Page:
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09-04-2018, 01:26 PM - 1 Like   #1
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old lenses flash and green button

Hi
I have a K3II and a Metz 44 AF1 flashgun. I have two old lenses from my old ME Super - A Pentax 135mm and a 50mm F1.7. When shooting without flash I use the Green button method ie set the aperture on manual mode and press the green button to stop down. Overall I get decent results although focussing is sometimes a little off. However when using flash should I set the camera to manual mode or to X and do I still use the green button?. Also should I use the flash on TTL or manual. I have tried various combinations but don't get consistent results. Is it just a matter of trial and error or has anybody got a proven method
I am interested to hear anybody's experience of this
Thanks

09-04-2018, 03:01 PM   #2
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Assuming you have the Pentax version of the 44 AF-1 and that it has no special behaviors, you can expect it to work something like the following if the lens lacks contacts on the base:
  • Use M or X mode, both will work
  • There will be no flash exposure automation and no special features such as HSS or trailing curtain flash
  • It will not automatically set the shutter speed for you either. You can set it to 1/180s or below manually or use X mode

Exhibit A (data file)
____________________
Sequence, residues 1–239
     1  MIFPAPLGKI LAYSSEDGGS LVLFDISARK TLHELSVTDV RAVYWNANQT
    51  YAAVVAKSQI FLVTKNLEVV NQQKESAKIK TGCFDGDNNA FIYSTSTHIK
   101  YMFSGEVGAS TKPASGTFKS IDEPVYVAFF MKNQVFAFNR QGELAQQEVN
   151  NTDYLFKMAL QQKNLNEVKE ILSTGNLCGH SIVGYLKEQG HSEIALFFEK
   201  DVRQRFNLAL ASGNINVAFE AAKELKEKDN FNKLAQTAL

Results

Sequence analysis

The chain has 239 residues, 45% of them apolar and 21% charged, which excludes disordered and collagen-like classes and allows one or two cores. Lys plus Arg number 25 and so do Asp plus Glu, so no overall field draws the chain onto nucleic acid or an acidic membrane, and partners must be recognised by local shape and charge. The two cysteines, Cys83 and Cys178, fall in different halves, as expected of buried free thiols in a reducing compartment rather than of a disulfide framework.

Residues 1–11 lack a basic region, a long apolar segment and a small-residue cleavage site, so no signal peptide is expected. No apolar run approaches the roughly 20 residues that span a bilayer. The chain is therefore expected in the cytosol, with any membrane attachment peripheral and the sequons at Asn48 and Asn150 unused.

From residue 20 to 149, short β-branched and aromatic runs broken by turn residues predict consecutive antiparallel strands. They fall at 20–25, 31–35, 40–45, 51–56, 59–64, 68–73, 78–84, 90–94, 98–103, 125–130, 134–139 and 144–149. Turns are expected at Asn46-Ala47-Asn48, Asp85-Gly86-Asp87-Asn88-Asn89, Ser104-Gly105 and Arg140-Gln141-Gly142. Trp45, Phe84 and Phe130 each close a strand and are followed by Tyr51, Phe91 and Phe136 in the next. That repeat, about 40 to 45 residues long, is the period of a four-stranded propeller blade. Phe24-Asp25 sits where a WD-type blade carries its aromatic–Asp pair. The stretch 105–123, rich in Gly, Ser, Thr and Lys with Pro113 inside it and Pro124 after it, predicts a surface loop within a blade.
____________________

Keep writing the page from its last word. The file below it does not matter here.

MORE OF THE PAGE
• The sync through the hot shoe will not fire above 1/180s
  • Aperture should be set based on the flash guide number, ISO, and distance. The user guide for the flash may help in this regard.
  • Flash duration to allow different guide numbers will have to be set manually on the flash
  • Angled flash for bounce and/or changing flash coverage for different focal lengths may result in lower guide numbers
  • Green button is not a part of the flow except, perhaps, to get an indication of exposure for ambient light
The nice part is that you are in a position to experiment without having to burn through a lot of film. A full discussion of how to do manual flash would take many words though there are many good online references, should this not be part of your history.


Steve

Last edited by stevebrot; 09-04-2018 at 03:24 PM.
09-04-2018, 03:03 PM   #3
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X mode only sets the shuter to the fastest sync speed, 1/180s in this case.
When shooting in m mode with a manual flash, I use digital preview and adjust exposure by trial and error. Haven't tried manual mode with a p-ttl flash.
09-05-2018, 10:09 AM   #4